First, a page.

Treatment for adults with chronic skin condition approved by FDA

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The U.S. Food and Drug Administration (FDA) has approved Dupixent (dupilumab) for the treatment of adult patients with prurigo nodularis.

Dupilumab is being jointly developed by Sanofi and Regeneron under a global collaboration agreement. To date, dupilumab has been studied across more than 60 clinical trials involving more than 10,000 patients with various chronic diseases driven in part by type 2 inflammation.

About 75,000 adults in the U.S. are living with the chronic skin condition and in need of new treatment options.

Dupixent under priority review: prurigo nodularis

The approval represents the second dermatology indication for Dupixent and fifth disease indication overall in the U.S. With this, Dupixent becomes the first and only medicine specifically indicated to treat the disease.

Prurigo nodularis is a debilitating skin disease with underlying type 2 inflammation and its impact on quality of life is one of the highest among inflammatory skin diseases. The FDA evaluated the Dupixent application for prurigo nodularis under Priority Review, which is granted to therapies that have the potential to provide significant improvements in the treatment, diagnosis or prevention of serious conditions.

Naimish Patel, head of global development, immunology and inflammation, at Sanofi, said: “Until today, there were limited treatment options to manage the relentless itch and associated sensations of burning and stinging skin that can negatively impact the lives of patients struggling with prurigo nodularis.

“Dupixent has the potential to transform the standard-of-care for prurigo nodularis patients by alleviating the key hallmarks of the disease, such as reducing itch and achieving clearer skin. With Dupixent now approved in two diseases in dermatology where type 2 inflammation is a central driver, we look forward to further evaluating the potential of inhibiting IL-4 and IL-13 in other chronic skin diseases.”

Phase 3 trials of Dupixent: skin condition

The FDA approval is based on data from two phase 3 trials, PRIME and PRIME2, evaluating the efficacy and safety of Dupixent in adults with the disease. Efficacy in these trials assessed the proportion of subjects with clinically meaningful reduction in itch, clearing of skin, or both.

The PRIME and PRIME2 phase 3 double-blind, placebo-controlled trials evaluated the efficacy and safety of Dupixent in 311 adults with uncontrolled prurigo nodularis.

About three times as many Dupixent patients (60% and 58%) experienced a clinically meaningful reduction in itch from baseline at 24 weeks, compared to 18% and 20% for placebo, the primary endpoint in PRIME.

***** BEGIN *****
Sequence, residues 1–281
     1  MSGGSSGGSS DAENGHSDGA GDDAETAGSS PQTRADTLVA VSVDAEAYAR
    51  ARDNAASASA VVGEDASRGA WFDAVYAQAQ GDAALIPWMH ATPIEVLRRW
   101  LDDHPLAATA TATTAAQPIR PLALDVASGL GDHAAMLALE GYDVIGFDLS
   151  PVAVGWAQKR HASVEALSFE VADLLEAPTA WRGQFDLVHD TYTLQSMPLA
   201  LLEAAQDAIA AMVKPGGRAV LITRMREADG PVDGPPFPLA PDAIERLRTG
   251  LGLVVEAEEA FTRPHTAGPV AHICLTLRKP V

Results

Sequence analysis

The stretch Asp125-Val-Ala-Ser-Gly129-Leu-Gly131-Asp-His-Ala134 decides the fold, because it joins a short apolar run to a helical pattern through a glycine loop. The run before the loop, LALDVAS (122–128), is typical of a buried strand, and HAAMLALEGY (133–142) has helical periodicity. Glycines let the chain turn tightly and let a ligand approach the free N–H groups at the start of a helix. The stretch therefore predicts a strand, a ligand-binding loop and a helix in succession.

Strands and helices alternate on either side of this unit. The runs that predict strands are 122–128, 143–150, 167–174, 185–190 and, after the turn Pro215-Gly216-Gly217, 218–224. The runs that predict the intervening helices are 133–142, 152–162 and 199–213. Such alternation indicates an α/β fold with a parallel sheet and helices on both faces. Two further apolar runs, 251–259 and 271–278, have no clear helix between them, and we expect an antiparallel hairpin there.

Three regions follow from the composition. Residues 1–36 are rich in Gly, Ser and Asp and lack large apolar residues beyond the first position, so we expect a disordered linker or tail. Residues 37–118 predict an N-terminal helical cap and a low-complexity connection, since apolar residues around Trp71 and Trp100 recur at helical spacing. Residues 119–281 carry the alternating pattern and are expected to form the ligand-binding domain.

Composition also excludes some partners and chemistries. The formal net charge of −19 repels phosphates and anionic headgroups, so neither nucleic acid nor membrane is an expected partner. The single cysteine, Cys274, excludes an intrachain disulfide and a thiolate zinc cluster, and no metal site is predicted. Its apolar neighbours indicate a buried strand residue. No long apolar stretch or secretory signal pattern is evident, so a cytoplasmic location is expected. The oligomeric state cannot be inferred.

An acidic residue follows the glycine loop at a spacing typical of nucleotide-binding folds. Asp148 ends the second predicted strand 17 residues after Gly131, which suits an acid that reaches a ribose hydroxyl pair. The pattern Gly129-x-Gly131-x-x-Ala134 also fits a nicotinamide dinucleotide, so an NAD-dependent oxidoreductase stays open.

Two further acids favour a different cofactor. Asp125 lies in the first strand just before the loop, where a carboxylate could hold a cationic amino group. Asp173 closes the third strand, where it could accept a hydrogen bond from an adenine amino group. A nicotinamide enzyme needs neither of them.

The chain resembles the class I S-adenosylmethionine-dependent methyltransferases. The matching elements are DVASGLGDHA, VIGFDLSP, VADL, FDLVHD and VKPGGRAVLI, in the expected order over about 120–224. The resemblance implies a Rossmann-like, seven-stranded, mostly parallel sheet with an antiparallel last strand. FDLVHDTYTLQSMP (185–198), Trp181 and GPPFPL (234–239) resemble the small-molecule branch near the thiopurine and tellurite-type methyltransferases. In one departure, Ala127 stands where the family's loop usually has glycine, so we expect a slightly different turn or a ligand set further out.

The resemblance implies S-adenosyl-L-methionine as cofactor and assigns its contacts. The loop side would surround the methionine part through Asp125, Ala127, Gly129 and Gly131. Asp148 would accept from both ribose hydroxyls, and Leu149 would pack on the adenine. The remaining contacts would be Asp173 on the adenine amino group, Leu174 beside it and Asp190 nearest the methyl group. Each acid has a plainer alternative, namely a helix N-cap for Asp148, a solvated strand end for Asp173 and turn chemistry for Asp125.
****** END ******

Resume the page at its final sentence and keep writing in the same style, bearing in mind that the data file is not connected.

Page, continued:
Reduction in itch

44% and 37% of Dupixent patients experienced a clinically meaningful reduction in itch from baseline at 12 weeks, compared to 16% and 22% for placebo, the primary endpoint in PRIME2.

More than twice as many Dupixent patients (48% and 45%) achieved clear or almost clear skin at 24 weeks, compared to 18% and 16% for placebo.

More than three times as many Dupixent patients (39% and 32%) experienced both a clinically meaningful reduction in itch and clear or almost clear skin, compared to 9% and 9% of placebo patients at 24 weeks.

The safety results of the trial were generally consistent with the known safety profile of Dupixent in its approved dermatology indication.

Type 2 inflammation

George Yancopoulos, president and chief scientific officer at Regeneron, said: “Patients living with prurigo nodularis must often contend with dozens, if not hundreds, of itchy and painful nodules covering their body and have not had an approved treatment option for their disease.

“Dupixent has already transformed the treatment landscape of several diseases driven by type 2 inflammation – including atopic dermatitis, asthma, chronic rhinosinusitis with nasal polyposis and eosinophilic esophagitis – and been prescribed to more than half a million patients around the world for its approved indications. With this approval, those suffering with prurigo nodularis finally have a medicine to address the debilitating signs and symptoms of the disease.”

A regulatory filing for prurigo nodularis is under review by the European Medicines Agency, and submissions to regulatory authorities in additional countries are also planned in 2022.

Earlier this month, Dupixent had positive results from a phase 3 trial in children aged 6 months to five years old with uncontrolled moderate-to-severe dermatitis published.

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